Promoting your competitive advantage as a solo attorney

Legal professionals talking over a desk in an office setting.

As a solo attorney, no one knows better than you that you get very little opportunity to kick back and take it easy. That’s especially true with business development. No sooner does one matter wrap up a matter, then go hunting for the next one. You’re human, so of course you’d appreciate the chance for a breather now and then, or just some better resources to work with. It just seems like you don’t get that. Is that just part and parcel of being a solo attorney?

Not necessarily.

A steady stream of paying clients would help solve that problem — and as daunting as it seems, it is achievable. There’s no single surefire approach that will work for every solo attorney in every market and practice area, but in this post, we share some of the best strategies that we know help solo attorneys build a robust pipeline of new work. The hope is that by embracing as many of them as you can, a lot of the pressure to always be hunting for your next work matter will be lifted and you can focus on practicing law, which is what you really want to be doing.

Bolster your website.

The legal industry was ever so slow to wake up to the critical role websites play in attracting new business. There are still plenty of attorneys practicing today who either don’t have one at all, or have a bare-bones website that, frankly, turns potential clients off by looking dated or amateurish (the exact opposite impression any attorney would want to convey).

If your website is better than that, you’re already ahead of the game. By “better than that,” we mean it has a fresh, contemporary design that visually reassures clients they’re in good hands; is adaptive to access from mobile devices like tablets and smartphones; and has features consumers expect, like a click-to-call button. If we had to hazard a guess, we’d say your existing website might have some, but probably not all, of those features. There are any number of places that can provide a nice-looking website, but a marketing vendor like FindLaw works exclusively with law firms and has spent decades researching online consumer behavior.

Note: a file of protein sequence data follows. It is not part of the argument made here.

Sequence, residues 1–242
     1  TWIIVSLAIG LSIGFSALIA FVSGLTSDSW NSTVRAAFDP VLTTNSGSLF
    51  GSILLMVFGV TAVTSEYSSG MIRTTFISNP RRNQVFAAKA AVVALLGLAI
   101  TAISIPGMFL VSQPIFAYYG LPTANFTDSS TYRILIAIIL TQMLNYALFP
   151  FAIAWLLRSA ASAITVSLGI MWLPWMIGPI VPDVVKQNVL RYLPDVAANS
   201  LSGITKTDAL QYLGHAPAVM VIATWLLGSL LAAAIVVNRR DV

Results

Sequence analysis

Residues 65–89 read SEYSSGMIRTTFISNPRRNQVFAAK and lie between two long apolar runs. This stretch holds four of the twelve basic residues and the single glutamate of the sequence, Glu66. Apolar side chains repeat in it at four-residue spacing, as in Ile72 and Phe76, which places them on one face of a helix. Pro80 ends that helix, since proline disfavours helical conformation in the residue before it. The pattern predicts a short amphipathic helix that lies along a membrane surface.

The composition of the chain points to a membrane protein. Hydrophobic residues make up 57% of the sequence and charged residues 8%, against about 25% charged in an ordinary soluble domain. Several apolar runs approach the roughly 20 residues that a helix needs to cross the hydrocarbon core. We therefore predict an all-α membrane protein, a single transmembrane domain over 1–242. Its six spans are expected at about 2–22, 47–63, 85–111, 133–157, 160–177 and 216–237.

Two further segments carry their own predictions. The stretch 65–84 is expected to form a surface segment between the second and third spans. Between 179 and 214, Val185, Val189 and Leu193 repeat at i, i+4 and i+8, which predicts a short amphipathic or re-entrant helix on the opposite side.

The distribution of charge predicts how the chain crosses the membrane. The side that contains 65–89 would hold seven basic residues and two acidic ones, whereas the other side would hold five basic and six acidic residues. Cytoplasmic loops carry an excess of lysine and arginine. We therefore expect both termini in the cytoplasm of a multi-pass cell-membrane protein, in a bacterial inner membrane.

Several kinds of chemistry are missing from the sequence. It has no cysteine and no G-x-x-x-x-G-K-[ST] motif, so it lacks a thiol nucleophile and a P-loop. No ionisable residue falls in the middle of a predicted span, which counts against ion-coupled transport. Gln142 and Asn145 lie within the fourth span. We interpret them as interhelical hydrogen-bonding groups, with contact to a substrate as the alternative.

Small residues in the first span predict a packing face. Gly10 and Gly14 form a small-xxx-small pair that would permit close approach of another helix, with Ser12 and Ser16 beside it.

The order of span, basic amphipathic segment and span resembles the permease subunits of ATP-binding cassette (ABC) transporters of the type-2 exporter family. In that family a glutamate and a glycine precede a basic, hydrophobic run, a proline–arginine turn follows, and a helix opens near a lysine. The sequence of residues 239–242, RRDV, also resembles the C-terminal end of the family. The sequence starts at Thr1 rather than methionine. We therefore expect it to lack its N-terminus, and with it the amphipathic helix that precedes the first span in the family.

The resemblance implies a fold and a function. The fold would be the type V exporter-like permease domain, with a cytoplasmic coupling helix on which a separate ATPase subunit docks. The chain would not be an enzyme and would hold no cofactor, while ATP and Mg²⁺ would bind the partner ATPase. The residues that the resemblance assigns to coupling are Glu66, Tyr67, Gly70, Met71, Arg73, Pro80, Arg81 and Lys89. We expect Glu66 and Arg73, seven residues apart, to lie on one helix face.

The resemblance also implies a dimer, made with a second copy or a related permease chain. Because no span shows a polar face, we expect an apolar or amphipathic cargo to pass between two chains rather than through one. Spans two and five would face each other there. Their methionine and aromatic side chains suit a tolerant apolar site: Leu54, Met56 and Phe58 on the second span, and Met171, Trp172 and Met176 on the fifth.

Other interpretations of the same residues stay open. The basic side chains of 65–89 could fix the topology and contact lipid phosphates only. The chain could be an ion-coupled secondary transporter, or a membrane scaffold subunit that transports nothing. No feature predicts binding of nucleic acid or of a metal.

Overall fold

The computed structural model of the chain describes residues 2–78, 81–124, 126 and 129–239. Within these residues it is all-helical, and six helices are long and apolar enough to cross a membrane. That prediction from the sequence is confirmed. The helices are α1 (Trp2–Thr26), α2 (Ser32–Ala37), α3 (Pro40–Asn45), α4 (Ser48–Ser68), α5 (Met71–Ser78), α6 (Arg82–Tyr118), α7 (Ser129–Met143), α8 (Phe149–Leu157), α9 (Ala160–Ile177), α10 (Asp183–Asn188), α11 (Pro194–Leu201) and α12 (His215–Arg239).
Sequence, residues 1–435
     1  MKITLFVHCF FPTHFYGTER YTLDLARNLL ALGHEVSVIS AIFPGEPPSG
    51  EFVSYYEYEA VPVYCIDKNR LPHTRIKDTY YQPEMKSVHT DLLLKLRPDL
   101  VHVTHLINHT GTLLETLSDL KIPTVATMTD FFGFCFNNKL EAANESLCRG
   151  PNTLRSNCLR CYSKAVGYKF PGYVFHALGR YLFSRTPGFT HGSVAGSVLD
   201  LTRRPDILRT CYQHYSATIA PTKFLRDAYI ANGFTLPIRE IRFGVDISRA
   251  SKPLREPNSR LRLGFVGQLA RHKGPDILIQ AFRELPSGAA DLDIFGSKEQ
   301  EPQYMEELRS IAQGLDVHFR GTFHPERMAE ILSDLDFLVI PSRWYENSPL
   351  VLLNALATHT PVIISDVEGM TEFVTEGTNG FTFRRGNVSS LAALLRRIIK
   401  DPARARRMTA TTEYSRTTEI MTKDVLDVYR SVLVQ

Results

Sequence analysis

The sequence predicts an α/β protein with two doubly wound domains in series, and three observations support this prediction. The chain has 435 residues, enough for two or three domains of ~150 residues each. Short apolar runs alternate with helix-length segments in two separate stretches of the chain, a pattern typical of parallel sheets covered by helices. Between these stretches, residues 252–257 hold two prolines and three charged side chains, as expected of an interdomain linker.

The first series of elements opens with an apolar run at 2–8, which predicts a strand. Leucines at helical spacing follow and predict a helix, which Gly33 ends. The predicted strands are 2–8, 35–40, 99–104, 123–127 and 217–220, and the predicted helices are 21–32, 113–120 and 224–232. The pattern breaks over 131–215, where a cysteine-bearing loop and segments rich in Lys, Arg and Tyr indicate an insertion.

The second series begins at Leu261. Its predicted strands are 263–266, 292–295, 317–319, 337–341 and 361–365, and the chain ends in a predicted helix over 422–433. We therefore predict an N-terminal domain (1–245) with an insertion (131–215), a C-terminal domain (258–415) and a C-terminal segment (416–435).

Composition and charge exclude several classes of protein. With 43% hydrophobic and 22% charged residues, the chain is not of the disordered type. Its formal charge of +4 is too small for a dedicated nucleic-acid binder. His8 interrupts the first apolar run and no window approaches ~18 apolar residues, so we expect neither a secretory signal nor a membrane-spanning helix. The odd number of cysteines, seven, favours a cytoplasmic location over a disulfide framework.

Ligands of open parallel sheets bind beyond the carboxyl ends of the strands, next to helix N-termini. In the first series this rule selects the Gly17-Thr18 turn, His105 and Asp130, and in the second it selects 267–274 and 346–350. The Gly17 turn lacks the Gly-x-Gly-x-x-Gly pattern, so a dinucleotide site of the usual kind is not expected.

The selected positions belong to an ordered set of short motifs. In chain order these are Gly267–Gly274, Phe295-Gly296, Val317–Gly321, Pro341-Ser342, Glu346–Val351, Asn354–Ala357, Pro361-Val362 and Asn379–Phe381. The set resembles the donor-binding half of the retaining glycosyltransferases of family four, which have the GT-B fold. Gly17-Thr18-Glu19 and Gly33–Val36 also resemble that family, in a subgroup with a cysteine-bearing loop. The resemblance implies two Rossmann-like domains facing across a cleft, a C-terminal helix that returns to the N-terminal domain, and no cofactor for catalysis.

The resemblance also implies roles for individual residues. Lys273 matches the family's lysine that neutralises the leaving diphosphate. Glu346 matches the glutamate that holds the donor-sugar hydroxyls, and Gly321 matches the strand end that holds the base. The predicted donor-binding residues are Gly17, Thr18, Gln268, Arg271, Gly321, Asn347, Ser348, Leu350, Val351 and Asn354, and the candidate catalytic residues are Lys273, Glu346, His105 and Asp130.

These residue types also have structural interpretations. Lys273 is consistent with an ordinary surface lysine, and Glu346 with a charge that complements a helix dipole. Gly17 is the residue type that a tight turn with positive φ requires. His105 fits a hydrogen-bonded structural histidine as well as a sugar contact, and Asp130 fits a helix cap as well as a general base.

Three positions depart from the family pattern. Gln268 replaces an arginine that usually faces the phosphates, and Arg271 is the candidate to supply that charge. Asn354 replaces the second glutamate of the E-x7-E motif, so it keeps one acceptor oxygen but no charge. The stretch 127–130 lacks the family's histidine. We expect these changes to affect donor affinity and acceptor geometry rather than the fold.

Ask yourself: Are you excelling at intake?

FindLaw’s research has found that one-third of law firms neglect phone messages and half do not return emails within 24 hours. That’s far too slow for most prospective clients. These missed connections are lost opportunities, because they reflect missed chances to connect with people who have a legal need, found your law firm, and want legal representation — and people like that are why you put so much effort into marketing in the first place!

Take some time to think about how you handle incoming inquiries and be honest with yourself. Put yourself in the shoes of someone who is worried and wants help quickly. Is the way you respond fast enough and good enough for that person? If it isn’t, it needs to be. Otherwise, you’ll continue to lose potential clients at the precise moment it should be easiest to bring them in.

Launch an integrated marketing plan.

A digital legal integrated marketing plan consists of a mix of the most effective online strategies that work for your preferences and budget, then combines them so that the cumulative effect is greater than the sum of its parts. For example, a blog on your website engages human viewers, attracts attention from search engines, and provides fodder for social media accounts like LinkedIn or Twitter — which in turn catches the eyes of more potential clients and further show search engines you’re reputable and worth showing to users. This description makes integrated marketing seem simple, but it needs some expertise and experience to get the components truly working in concert.

Prime the pump for referrals.

Quality referrals don’t come from nowhere. If you want a robust referral pipeline, you have to put yourself in a position yourself to receive it — good things come to those who help themselves, in a way. A first step that you may already know is that you have to let your local legal community know what types of matters you handle, so that attorneys can refer work they don’t handle your way. Beyond that, you need digital proof of your excellent work for past clients. That comes in the form of reviews (which, like referrals, don’t come in spades on their own), testimonials, and evidence of your work on your website and social media. To get the referral engine purring, you need to engage with people both in person and online.

Remember: You’re not a machine.

Lawyers are infamous for overworking themselves. You can’t go full steam ahead 100% of the time, because that would leave you burnt out and with nothing to offer either your clients or your loved ones — the worst of both worlds. If you find it hard to resist the impulse to focus only on work and not on yourself, remember this: A decent work-life balance helps you be the best attorney you can be, and your clients need that. You can’t provide good representation or solid counsel if you are burning the candle at both ends.

What we’ve spelled out here might seem like a lot, especially with all of the other demands of a solo practice that you’re undoubtedly juggling. What we hope you remember is that you can take on these recommendations in stages. In no time, you’ll be well on your way to building that steady stream of paying clients.

For more tips on marketing your solo practice, take a look at the Lawyer Marketing blog.

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